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First look at GCP papers for upcoming Joint Assembly meeting

Published: Tuesday, November 6, 2018

The Greater Cambridge Partnership’s (GCP) vision for a world-class public transport system for Cambridge has been published in a report which sets out options for reducing congestion and how people will travel in and around the city centre.

The vision is for a rapid, reliable and integrated public transport network of bus, rail and mass rapid transit systems that is affordable and uses smart technology to provide faster, more frequent and reliable journeys to offer a genuine alternative to the car.

The City Access report, published today (Tuesday) ahead of the Joint Assembly meeting on 15 November, also sets out a number of options for freeing up road space and creating a sustainable funding source to make room for, and fund a world-class public transport system in the future.

The report builds upon the findings of Our Big Conversation, held last year, which asked people who live, work and study in Cambridge to tell us about the challenges they face and their hopes and ideas for the future.

Congestion on the road and the cost, reliability and access to public transport were identified as the biggest challenges people faced during the GCP’s largest public engagement exercise to date.

Subject to approval by the Executive Board in December, the GCP aims to continue that discussion in the spring with a dual focus of gaining a better understanding of the potential impacts and benefits of public transport improvements, and to ask for the public’s feedback on the developing potential options for tackling congestion and how to change people’s travel habits.

These options include physical measures, such as parking restrictions, traffic signal optimisation and/or reducing the amount of road space available to cars and reallocating that freed up space to public transport, cycling and walking infrastructure.

Photo of cars in city centre

There are also a range of potential financial measures – such as workplace parking levies or road-pricing such as pollution charging or charging vehicles using the roads during the most congested periods– to encourage people to switch to sustainable transport.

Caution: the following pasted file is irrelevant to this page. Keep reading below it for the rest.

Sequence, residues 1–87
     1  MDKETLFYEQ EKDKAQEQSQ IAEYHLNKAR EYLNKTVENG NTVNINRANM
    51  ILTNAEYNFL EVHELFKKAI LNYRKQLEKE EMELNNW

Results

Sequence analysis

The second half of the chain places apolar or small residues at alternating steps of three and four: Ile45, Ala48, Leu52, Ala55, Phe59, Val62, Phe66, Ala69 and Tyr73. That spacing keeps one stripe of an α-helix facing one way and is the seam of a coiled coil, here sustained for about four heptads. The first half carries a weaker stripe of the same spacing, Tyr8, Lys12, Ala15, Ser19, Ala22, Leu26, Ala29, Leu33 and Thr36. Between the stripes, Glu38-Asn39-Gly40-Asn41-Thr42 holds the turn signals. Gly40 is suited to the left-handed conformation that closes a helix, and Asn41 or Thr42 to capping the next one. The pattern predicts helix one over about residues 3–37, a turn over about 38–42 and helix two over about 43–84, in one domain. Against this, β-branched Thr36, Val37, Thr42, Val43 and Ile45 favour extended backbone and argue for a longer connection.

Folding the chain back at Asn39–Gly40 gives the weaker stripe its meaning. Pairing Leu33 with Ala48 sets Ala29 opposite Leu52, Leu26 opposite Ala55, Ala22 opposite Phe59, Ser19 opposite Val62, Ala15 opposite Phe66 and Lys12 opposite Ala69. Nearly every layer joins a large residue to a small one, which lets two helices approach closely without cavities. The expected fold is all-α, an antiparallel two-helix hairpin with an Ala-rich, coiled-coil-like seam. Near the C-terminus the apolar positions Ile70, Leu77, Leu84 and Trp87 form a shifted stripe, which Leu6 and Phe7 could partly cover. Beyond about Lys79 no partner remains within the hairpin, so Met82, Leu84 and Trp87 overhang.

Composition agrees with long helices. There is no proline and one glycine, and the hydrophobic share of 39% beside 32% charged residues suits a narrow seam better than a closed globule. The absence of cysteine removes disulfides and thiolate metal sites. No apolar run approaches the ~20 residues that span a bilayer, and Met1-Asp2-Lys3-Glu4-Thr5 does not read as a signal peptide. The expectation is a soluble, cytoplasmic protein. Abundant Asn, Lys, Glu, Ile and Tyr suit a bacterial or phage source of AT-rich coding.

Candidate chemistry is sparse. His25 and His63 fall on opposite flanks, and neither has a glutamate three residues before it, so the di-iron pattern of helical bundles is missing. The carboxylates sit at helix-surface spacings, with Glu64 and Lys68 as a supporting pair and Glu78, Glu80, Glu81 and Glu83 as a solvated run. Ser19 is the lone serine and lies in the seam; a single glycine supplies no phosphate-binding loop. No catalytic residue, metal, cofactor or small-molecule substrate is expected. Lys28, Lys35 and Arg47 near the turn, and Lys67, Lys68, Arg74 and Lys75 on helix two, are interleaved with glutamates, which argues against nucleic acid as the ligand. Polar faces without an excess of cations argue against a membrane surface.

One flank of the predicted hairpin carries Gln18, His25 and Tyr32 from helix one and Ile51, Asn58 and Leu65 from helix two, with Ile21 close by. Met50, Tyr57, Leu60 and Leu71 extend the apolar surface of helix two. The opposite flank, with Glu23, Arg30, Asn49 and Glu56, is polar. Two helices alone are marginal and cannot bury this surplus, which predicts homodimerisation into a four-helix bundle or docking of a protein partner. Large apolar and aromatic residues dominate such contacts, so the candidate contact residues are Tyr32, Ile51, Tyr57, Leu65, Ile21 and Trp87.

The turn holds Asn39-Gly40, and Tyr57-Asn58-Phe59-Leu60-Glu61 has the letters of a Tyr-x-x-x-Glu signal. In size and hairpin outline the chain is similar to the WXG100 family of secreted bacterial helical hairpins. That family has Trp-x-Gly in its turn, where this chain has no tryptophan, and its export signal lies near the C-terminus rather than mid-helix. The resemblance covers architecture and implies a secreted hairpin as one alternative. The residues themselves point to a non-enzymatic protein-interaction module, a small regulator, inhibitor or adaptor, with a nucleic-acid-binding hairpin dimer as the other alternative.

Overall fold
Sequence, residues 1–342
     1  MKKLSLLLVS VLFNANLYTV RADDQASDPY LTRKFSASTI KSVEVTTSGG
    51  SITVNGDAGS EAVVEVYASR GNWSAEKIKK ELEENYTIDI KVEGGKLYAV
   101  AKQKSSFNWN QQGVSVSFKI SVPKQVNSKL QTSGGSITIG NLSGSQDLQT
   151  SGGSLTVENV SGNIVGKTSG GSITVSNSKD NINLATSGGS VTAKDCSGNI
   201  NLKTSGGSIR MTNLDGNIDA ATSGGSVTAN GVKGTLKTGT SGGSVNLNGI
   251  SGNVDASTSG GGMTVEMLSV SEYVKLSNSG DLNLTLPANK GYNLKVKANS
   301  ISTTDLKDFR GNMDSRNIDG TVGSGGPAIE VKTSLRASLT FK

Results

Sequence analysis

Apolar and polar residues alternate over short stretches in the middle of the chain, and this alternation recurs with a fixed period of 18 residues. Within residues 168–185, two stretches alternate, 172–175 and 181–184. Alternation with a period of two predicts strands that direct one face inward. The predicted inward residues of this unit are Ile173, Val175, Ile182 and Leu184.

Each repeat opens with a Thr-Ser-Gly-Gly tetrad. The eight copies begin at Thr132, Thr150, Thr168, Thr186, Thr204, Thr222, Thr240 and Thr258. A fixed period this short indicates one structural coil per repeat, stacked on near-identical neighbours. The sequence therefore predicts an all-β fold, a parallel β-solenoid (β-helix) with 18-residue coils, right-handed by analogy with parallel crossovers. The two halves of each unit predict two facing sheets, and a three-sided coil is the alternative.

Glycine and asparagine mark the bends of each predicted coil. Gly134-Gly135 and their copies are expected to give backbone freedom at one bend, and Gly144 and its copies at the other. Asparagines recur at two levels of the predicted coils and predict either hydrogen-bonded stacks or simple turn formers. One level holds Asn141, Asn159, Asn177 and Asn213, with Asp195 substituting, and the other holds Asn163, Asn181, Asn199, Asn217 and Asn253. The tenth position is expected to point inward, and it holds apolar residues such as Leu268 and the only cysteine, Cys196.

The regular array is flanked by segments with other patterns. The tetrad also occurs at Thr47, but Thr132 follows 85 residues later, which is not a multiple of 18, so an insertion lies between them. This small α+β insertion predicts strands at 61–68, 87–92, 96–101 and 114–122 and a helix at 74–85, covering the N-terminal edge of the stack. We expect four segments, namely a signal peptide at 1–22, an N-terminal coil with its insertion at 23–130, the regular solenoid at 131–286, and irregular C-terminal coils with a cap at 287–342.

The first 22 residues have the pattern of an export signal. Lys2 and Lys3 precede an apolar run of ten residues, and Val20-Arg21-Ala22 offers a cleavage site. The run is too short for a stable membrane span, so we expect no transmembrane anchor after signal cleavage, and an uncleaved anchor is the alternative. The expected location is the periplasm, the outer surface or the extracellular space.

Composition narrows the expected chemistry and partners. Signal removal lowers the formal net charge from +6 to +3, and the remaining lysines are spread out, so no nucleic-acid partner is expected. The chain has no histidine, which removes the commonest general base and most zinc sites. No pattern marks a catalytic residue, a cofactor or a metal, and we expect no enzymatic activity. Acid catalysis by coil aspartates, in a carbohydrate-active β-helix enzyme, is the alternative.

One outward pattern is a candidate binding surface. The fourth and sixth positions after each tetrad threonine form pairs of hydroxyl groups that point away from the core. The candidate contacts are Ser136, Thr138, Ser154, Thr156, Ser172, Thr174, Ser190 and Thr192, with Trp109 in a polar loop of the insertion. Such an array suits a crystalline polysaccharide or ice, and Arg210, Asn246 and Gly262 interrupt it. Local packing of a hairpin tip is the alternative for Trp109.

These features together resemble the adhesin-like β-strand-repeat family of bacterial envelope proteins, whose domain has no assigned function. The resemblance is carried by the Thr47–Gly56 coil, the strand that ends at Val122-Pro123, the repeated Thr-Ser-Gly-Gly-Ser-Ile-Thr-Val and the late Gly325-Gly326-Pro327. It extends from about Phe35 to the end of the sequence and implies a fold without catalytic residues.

Financial measures could also raise the necessary funds to improve and maintain the public transport network to make it better, cheaper and more reliable.

The GCP is working closely with the Mayor and the Combined Authority to develop proposals for the Cambridge Autonomous Metro to provide fast, reliable and high-capacity travel across the city.

A number of other projects – such as the use of smart technology to provide integrated ticketing and real-time traffic information, and upgrades to the cycling network – are also being developed by the GCP to make it easier for people to travel around the city.

Members will also be presented with a paper on the proposed Cambourne to Cambridge public transport route, which aims to ease congestion and create sustainable travel choices along the A428.

The Joint Assembly and Executive Board will be asked to consider the Phase 1 option assessment and route planning that has been carried out since the presentation of the Strategic Outline Business Case (SOBC), including input from the public consultation. Ongoing work would include informal public consultation on options for Phase 2 including P&R location.

The final report for the Joint Assembly’s consideration outlines the final design for improvements to public transport, cycling and walking journeys along Histon Road.

The report pack for the meeting can be found on South Cambridgeshire District Council’s website.

The Joint Assembly meets at South Cambridgeshire Hall in Cambourne at 2pm on Thursday 15 November. The meeting will be streamed live on the GCP’s Facebook page and uploaded on to our YouTube channel